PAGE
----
Posts Tagged ‘Bertrand Russell Peace Foundation’

Spokesman Pamphlets on Blair, the ‘Dodgy Dossier’ and the Iraq Invasion

September 14, 2016

Spokesman, as you’d expect from an organisation that’s part of the Bertrand Russell Peace Foundation, also publishes a couple of pamphlets on Tony Blair and the Iraq invasion. One is The Dodgiest Dossier, whose blurb states

This publication brings together for the first time all the leaked memoranda about the British Government’s decision to go to war on Iraq, plus the Attorney General’s legal advice.

You can read the full text of the revealing memorandum about preparations for war on Iraq, dating from July 2002, (which) was leaked to the press in the days before the 2005 General Election.

That’s 80 pages in lengths.

Rather shorter is Ken Coates’ Not Fit to Be a Prime Minister? That Interview and a Commentary by Ken Coates. The blurb for this states

In September 2007, John Humphrys interviewed Prime Minister Blair at length about his decision to go to war on Iraq. In his inimitable way, the Today presenter said:

‘If your judgement is wrong on this – let me put this very bluntly, you wouldn’t be fit to be Prime Minister …’

Ken Coates provides a commentary on the facts that underlie this memorable exchange.

Blair’s judgement was wrong – horrifically, catastrophically wrong, and Humphrys, for all his other faults, was right: Blair wasn’t fit to be prime minister. I don’t know how useful these pamphlets will be, considering the new information available and the Chilcott Inquiry’s report, which states very clearly that Blair misled parliament in order to get the war he wanted. They do show that at the time there was considerable scepticism about the war and the spurious pretext on which it was founded.

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Book Attacking the Myth of Labour’s Defeat in the Winter of Discontent

September 14, 2016

Spokesman Books, the publishing arm of the Bertrand Russell Peace Foundation, have also produced an edition of What Went Wrong, edited by Ken Coates. This book critically examines and refutes as grossly oversimplistic the myth that the Labour party lost the 1979 election because of trade union militancy during the notorious ‘Winter of Discontent’.

The book, with an accompanying blurb, is listed on their webpage at http://www.spokesmanbooks.com/acatalog/Michael_Barratt_Brown.html

I might have to get this one at some point, because, as the blurb itself says, it is very much ‘conventional wisdom’ that James Callaghan’s government fell because of the militant strike action by the trade unions. It’s brought up repeatedly by the Tories and the right-wing press whenever the unions are discussed or defended, along with comments and verbiage about not going back to the bad old days of the 1970s when Britain was held hostage by the union barons. And so forth.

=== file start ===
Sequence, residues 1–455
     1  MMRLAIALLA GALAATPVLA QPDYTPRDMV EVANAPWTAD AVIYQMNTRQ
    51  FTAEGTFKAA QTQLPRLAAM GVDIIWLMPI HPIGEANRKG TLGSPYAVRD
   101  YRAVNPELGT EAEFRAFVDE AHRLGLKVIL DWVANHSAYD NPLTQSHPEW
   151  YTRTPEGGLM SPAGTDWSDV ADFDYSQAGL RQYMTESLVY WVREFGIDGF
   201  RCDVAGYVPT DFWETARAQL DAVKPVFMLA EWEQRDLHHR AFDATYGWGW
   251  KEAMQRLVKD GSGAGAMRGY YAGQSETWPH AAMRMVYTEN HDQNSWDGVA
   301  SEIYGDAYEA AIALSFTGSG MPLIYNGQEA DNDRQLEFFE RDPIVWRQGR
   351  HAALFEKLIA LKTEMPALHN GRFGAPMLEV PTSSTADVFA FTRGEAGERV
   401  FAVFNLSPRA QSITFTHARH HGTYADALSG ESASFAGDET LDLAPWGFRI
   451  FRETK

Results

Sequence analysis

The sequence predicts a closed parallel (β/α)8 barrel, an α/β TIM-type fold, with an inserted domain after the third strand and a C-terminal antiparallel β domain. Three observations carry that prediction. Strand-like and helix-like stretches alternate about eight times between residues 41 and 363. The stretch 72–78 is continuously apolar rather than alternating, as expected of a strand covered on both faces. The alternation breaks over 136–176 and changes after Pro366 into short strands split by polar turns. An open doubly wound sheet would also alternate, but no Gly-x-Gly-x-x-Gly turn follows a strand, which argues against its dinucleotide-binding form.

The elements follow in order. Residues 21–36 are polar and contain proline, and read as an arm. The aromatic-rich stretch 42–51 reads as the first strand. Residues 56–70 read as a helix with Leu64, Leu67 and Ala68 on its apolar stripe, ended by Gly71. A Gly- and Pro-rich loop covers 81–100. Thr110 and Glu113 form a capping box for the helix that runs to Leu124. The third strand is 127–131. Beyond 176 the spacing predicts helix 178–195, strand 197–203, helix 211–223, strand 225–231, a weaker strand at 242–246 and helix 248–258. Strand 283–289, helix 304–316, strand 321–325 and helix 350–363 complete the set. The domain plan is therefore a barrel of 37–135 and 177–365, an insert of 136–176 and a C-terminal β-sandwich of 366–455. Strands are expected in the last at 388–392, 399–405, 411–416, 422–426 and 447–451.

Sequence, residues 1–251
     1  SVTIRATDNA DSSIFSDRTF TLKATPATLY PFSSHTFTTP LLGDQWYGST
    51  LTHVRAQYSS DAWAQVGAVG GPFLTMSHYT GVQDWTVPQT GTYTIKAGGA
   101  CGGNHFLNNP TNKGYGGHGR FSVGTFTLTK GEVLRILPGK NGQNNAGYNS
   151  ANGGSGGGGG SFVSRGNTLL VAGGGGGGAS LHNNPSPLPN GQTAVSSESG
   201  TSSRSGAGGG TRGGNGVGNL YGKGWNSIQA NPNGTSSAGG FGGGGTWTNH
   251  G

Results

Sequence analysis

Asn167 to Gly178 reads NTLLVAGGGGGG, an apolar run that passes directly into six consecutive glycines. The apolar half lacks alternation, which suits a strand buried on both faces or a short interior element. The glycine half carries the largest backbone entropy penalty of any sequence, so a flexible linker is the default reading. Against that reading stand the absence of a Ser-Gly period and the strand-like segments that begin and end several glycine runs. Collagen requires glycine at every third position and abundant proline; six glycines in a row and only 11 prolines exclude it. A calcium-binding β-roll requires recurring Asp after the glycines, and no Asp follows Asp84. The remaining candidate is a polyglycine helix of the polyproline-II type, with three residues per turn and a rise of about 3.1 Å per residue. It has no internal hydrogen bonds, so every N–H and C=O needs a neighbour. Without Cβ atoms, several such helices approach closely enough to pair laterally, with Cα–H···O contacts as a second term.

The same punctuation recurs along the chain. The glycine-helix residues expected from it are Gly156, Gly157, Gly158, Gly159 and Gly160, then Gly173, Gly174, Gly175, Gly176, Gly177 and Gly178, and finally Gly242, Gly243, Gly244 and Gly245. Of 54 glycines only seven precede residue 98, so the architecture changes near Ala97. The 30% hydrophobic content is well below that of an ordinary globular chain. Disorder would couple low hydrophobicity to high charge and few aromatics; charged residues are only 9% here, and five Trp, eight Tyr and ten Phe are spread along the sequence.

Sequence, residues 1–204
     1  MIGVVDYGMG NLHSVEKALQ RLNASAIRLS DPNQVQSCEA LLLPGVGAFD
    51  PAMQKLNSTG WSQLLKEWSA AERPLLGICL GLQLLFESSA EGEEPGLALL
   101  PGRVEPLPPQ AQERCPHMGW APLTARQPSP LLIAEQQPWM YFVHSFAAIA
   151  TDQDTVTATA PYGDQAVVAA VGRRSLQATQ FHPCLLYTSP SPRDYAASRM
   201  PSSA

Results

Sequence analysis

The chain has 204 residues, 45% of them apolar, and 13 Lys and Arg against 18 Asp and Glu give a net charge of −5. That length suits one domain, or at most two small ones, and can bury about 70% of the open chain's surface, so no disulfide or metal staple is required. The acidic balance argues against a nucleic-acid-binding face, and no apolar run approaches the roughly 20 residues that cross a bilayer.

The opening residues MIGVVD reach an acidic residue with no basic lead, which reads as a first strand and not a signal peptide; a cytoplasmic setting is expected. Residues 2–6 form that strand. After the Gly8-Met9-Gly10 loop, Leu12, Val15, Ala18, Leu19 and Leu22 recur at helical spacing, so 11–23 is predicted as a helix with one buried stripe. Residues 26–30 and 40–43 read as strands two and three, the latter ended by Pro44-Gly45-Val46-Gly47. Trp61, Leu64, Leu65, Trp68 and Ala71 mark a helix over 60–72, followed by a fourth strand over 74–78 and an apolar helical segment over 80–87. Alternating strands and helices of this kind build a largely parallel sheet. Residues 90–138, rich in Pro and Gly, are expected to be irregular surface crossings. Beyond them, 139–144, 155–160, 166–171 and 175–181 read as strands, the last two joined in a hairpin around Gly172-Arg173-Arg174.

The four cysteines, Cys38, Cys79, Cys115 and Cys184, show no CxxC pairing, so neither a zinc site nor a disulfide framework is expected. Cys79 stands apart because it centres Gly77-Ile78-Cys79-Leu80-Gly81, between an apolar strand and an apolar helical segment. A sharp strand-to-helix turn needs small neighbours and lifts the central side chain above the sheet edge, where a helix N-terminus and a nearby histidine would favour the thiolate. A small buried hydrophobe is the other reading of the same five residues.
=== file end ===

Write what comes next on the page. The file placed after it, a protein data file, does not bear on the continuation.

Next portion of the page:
Much of today’s problems can be traced back to the complete reverse. Thatcher broke the unions, and the result has been decades of poor wages at or below the rate of inflation, poor working conditions, and the creation of the ‘flexible labour market’, set up to make it easier for firms to sack people. Blair’s New Labour was as complicit in all this as the Tories. It was Tony Blair, who threatened to cut the party’s ties with the unions if they blocked his voting reforms. The result is 4.7 million people in Britain in ‘food poverty’, and hundreds of thousands only surviving through food banks.

Advocates of trade unions have pointed out that in companies where there are unions, not only do the workers enjoy higher wages and better conditions, the companies themselves are better run. Which is also an argument for worker’s control. It’s also an argument you are definitely not going to hear from the Conservatives or Smudger and his Blairite friends.

While I don’t want the country to suffer from frequent strikes, as they did in the 1960s and ’70s, we definitely do need more union power, not less.

Spokesman Book on Selecting and Reselecting MPs

September 13, 2016

A number of constituency Labour parties are considering deselecting their MPs, following their attacks against Jeremy Corbyn. Spokesman Books, the publishing arm of the Bertrand Russell Peace Foundation, have a 16 page pamphlet, How to Select or Reselect Your MP, by David Osland, in their ‘Socialist Renewal’ series. ‘Socialist Renewal’ is the campaign to reinstate Clause 4, the clause that demands the nationalisation of industry, back into the Labour party constitution, after it was removed by Blair in 1994.

The pamphlet’s blurb reads

‘You may very well be entirely satisfied with your Labour MP, should you be lucky enough to have one. And that’s exactly how it should be. Work hard to ensure that she or he is returned to parliament at the next general election, hopefully with an increased majority. Britain needs a radical Labour government that will transform the country permanently for the better.

But if you are reading this, chances are either you are not entirely happy with your Westminster representative’s performance, or you know or suspect that your Constituency Labour Party will need to choose a new candidate next time round, for any one of a range of reasons …

Labour Party members do have the right – under the existing rules, as they stand – to seek to put a new candidate in place, through the designedly opaque and little-understood mechanism known as the Trigger Ballot.

The cost of the pamphlet is listed at £4.00.

See: http://www.spokesmanbooks.com/acatalog/Socialist_Renewal.html